“At the while she was under the belief that only her fibroids have been removed. By doing so, the hospital has subjected itself to some serious delictual liability in that it performed a serious and life changing operation on patient who was under the belief that she was doing a completely different operation altogether. It thus came as a shock when our client learnt that her womb had been removed, without her consent,” said Magetse’s legal representatives, Kanjabanga and Associates in their summons.
The letter further says, “this is an infringement of our client‘s rights and this infringement has dire consequences on her to the extent that she can never bear children again”. ‘It is our instruction therefore, to claim as we hereby do, damages in the sum of BWP 10,000,000 (ten million Pula) for unlawful removal of client’s womb,” reads Kanjabanga Attorneys’ papers. The defendants are yet to respond to the plaintiff’s papers.
What are fibroids?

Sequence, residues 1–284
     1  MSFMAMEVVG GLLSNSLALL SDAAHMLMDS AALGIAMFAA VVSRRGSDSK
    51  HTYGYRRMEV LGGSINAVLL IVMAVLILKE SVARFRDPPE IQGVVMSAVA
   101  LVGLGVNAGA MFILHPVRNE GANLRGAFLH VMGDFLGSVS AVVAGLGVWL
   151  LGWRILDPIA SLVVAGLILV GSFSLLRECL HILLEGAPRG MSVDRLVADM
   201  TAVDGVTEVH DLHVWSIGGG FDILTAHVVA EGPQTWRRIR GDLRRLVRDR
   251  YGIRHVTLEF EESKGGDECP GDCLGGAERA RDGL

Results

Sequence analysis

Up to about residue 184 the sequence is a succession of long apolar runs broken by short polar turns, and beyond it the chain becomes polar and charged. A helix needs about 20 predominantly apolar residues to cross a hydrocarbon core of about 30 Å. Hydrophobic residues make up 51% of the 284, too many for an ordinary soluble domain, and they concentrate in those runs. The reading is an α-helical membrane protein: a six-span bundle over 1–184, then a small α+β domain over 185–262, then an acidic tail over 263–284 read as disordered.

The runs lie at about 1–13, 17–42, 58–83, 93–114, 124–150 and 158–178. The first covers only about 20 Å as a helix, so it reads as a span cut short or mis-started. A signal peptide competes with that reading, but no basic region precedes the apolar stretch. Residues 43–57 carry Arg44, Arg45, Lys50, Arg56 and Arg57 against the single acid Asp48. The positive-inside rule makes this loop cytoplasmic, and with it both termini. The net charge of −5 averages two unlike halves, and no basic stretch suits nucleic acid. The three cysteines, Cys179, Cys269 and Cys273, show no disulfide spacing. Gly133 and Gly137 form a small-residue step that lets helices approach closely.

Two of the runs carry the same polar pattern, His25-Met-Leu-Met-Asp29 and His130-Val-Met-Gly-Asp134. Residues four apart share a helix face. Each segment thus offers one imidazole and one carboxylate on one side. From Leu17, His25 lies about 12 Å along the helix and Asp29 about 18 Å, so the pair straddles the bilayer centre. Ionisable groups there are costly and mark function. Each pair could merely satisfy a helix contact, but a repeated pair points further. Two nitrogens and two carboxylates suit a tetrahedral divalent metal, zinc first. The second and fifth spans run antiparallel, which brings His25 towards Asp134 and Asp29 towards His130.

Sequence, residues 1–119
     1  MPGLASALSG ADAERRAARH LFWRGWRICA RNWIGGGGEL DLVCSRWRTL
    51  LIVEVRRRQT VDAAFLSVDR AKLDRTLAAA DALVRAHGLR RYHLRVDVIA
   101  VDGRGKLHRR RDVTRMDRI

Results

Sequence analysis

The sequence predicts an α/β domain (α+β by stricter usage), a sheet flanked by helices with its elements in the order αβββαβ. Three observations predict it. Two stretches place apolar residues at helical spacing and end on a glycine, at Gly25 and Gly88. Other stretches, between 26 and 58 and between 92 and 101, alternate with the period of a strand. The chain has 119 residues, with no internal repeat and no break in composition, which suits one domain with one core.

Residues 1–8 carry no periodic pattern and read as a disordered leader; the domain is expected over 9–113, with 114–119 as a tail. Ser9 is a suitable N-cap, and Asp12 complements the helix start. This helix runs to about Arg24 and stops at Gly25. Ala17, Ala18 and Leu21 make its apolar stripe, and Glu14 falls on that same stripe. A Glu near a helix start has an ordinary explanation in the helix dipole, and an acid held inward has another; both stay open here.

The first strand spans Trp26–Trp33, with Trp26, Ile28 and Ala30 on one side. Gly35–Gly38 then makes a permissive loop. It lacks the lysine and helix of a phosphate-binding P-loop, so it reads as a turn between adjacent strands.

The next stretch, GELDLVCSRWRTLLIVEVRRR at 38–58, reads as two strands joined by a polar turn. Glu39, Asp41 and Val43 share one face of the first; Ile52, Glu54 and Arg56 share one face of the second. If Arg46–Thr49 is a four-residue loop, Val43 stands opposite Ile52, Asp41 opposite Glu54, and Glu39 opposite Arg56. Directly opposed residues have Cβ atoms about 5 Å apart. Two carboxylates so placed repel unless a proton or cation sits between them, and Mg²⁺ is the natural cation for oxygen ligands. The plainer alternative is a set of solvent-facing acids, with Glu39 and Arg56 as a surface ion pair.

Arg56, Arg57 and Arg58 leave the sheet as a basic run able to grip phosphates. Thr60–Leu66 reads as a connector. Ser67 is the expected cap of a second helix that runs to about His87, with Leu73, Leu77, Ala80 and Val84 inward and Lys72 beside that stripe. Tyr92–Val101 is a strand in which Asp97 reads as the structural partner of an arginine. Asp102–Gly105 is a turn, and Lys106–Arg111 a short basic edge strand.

Fibroids are tumors made of smooth muscle cells and fibrous connective tissue. They develop in the uterus. It is estimated that 70 to 80 percent of women will develop fibroids in their lifetime — however, not everyone will develop symptoms or require treatment.
The most important characteristic of fibroids is that they’re almost always benign, or noncancerous. That said, some fibroids begin as cancer — but benign fibroids can’t become cancer. Cancerous fibroids are very rare. Because of this fact, it’s reasonable for women without symptoms to opt for observation rather than treatment.
Studies show that fibroids grow at different rates, even when a woman has more than one. They can range from the size of a pea to (occasionally) the size of a watermelon. Even if fibroids grow that large, we offer timely and effective treatment to provide relief.
The Alliance for Progressives (AP) President Ndaba Gaolathe has said that despite major accolades that Botswana continues to receive internationally with regard to the state of economy, the prospects for the future are imperilled.
Delivering his party Annual Policy Statement on Thursday, Gaolathe indicated that Botswana is in a state of do or die, and that the country’s economy is on a sick bed. With a major concern for poverty, Gaolathe pointed out that almost half of Botswana’s people are ravaged by or are about to sink into poverty. “Our young people have lost the fire to dream about what they could become,” he said.